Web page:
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musc 144 paper

musc 144 paper - Duong Richard [email protected]

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Duong, Richard [email protected] 714246293 The Freedom of Country Love Country music has always held a consistent theme of individualism, freedom, relationships, and loneliness in the songs written and sung by their artists. This can be viewed in the early days of Patsy Montana (1930’s) and Hank Williams (1950’s) singing such hits as “I want to be a Cowboy’s Sweetheart” and “I’m So Lonesome I Could Cry.” Often, it seems like country music’s unifying theme all came down to the central unifying idea of love in the rural countryside. The three cover songs “Take it Easy” covered by Travis Tritt, “Always on My Mind” sung by Willie Nelson, and “Walking After Midnight” from Garth Brooks all exemplify these themes of a country mindset-taking it easy, being free, and having the pursuit of unrequited love. These songs were originally sung by The Eagles, Elvis Presley, and Patsy Cline respectively and were all from different genres of country. Since the beginning of country music, different genres have evolved over time from hillbilly to western swing to honky tonk, yet the principles of what was sung and instruments were basically the same. These themes sung about were about love and relationships while playing the instruments of guitar (steel, acoustic, and bass), drums, piano, banjo, and fiddle (Neal). Patsy Cline is an example of this as her 1957 rendition of “Walking After Midnight” was her first hit that gave her national exposure (Malone 263). In the original, there is a simple shuffle beat with little bits of steel guitar in the background along with other instruments like the acoustic guitar, basic drums, electric guitar, and some piano. At the time, Cline’s music was a crossover of country and pop, yet, this song gave off a jazz feel with a kick of blues (Nash 239). In Brooks’ cover version, it is a very contemporary, modern day country feel that is classified as neo-traditionalist (Malone 416). The vocals and style are less like the jazz and blues, but still use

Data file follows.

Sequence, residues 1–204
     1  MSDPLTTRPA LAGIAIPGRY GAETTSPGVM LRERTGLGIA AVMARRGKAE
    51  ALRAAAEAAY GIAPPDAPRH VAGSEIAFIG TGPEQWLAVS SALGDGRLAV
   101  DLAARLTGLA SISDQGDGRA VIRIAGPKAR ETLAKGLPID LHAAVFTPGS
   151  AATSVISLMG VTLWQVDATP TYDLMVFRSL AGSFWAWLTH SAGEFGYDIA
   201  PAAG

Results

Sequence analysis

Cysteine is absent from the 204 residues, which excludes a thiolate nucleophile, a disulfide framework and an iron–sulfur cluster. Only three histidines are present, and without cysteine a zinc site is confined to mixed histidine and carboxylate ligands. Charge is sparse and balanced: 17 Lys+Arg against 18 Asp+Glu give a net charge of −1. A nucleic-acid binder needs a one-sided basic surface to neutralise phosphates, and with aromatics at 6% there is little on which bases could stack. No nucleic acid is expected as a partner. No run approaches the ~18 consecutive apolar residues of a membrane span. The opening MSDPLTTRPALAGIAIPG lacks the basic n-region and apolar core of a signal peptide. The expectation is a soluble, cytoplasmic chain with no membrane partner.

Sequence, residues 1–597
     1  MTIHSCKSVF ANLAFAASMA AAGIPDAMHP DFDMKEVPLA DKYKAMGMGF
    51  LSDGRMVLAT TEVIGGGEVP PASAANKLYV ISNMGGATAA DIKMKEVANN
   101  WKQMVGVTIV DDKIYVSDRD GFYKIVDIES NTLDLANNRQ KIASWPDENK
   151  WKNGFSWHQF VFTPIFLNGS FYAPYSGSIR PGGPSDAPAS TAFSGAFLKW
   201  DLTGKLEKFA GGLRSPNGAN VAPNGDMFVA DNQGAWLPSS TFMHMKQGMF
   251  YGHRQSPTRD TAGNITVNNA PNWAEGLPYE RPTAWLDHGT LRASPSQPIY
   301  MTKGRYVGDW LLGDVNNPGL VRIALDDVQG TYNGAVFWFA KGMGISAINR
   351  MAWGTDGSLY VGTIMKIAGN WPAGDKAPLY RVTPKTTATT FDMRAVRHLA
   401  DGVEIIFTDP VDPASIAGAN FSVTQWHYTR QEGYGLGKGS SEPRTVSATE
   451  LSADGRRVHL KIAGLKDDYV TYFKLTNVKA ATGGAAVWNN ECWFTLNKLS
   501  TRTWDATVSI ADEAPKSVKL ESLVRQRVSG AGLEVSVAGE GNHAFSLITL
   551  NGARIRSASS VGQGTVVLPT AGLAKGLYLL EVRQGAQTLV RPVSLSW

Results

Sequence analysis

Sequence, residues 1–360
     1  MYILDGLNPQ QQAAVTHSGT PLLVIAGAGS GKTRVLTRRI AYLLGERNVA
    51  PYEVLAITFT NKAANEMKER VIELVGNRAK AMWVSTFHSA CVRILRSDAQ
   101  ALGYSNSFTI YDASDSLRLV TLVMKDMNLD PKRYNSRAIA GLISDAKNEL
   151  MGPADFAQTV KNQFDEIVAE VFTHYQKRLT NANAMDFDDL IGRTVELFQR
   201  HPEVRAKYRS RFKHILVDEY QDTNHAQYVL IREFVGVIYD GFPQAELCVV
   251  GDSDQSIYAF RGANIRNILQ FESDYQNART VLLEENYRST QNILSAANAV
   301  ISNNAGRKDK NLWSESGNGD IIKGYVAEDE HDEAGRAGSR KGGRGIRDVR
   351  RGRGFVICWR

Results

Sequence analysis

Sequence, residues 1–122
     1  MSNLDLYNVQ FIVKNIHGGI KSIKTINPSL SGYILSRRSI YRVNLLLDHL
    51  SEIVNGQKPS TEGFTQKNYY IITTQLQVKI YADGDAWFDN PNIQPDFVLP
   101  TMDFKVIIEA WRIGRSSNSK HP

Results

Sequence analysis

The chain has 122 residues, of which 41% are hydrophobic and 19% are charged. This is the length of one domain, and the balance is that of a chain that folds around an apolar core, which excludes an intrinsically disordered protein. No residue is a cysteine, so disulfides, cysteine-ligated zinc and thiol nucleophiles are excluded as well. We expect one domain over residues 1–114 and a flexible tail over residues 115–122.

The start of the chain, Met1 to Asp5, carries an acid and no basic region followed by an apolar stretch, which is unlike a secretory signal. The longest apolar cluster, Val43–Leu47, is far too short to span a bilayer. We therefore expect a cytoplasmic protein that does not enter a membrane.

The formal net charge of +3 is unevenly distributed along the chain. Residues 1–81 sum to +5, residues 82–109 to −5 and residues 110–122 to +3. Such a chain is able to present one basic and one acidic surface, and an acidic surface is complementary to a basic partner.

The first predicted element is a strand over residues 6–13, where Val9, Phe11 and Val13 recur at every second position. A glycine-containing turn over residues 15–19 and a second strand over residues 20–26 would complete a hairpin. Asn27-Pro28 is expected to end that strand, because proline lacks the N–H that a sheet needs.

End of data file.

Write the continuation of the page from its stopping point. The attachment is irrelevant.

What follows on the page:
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Duong, Richard the same instruments with addition of more piano and fiddle to go along with the prominent twang in Brooks’ voice that give it a more country feel. The song was no longer a simple shuffle beat, yet it incorporated the whole band to give a more celebrated rural feel. Cline demonstrates the theme of love and relationships in her lyrics, telling a story of how she “goes out walkin’ after midnight” because it’s “just like we used to do” in order to satisfy her needs of remembrance of a love past. Also, the song exhibits the theme of loneliness in the chorus because of the depiction of crying and skies turning gloomy. Cline’s song fulfills the tradition of country, as many people in this era were singing with similar, such as “Faded Love” by Bob Wills.
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